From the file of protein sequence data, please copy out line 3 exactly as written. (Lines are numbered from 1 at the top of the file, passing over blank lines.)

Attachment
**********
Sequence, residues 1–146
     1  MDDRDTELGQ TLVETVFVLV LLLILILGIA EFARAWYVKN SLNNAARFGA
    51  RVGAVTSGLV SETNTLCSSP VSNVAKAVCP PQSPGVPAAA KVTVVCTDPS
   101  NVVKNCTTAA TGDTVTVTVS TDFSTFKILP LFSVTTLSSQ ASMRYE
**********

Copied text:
    51  RVGAVTSGLV SETNTLCSSP VSNVAKAVCP PQSPGVPAAA KVTVVCTDPS